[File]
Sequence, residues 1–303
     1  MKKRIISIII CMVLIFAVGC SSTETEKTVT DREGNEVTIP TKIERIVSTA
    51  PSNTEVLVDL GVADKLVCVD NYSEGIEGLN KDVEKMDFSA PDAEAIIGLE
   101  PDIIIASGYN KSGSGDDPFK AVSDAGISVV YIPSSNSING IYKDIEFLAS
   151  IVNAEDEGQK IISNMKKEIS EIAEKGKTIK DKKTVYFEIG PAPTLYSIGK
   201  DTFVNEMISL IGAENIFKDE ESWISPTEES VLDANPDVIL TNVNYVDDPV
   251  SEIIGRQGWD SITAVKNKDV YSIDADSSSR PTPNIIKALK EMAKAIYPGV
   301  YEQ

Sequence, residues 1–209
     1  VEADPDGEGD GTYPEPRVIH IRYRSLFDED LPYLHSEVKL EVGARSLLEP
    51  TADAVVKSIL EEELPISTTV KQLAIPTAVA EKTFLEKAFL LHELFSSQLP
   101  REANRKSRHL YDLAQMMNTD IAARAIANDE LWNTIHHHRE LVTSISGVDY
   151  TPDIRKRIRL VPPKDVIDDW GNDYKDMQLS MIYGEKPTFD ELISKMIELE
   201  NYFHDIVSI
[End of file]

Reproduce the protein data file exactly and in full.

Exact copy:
Sequence, residues 1–303
     1  MKKRIISIII CMVLIFAVGC SSTETEKTVT DREGNEVTIP TKIERIVSTA
    51  PSNTEVLVDL GVADKLVCVD NYSEGIEGLN KDVEKMDFSA PDAEAIIGLE
   101  PDIIIASGYN KSGSGDDPFK AVSDAGISVV YIPSSNSING IYKDIEFLAS
   151  IVNAEDEGQK IISNMKKEIS EIAEKGKTIK DKKTVYFEIG PAPTLYSIGK
   201  DTFVNEMISL IGAENIFKDE ESWISPTEES VLDANPDVIL TNVNYVDDPV
   251  SEIIGRQGWD SITAVKNKDV YSIDADSSSR PTPNIIKALK EMAKAIYPGV
   301  YEQ

Sequence, residues 1–209
     1  VEADPDGEGD GTYPEPRVIH IRYRSLFDED LPYLHSEVKL EVGARSLLEP
    51  TADAVVKSIL EEELPISTTV KQLAIPTAVA EKTFLEKAFL LHELFSSQLP
   101  REANRKSRHL YDLAQMMNTD IAARAIANDE LWNTIHHHRE LVTSISGVDY
   151  TPDIRKRIRL VPPKDVIDDW GNDYKDMQLS MIYGEKPTFD ELISKMIELE
   201  NYFHDIVSI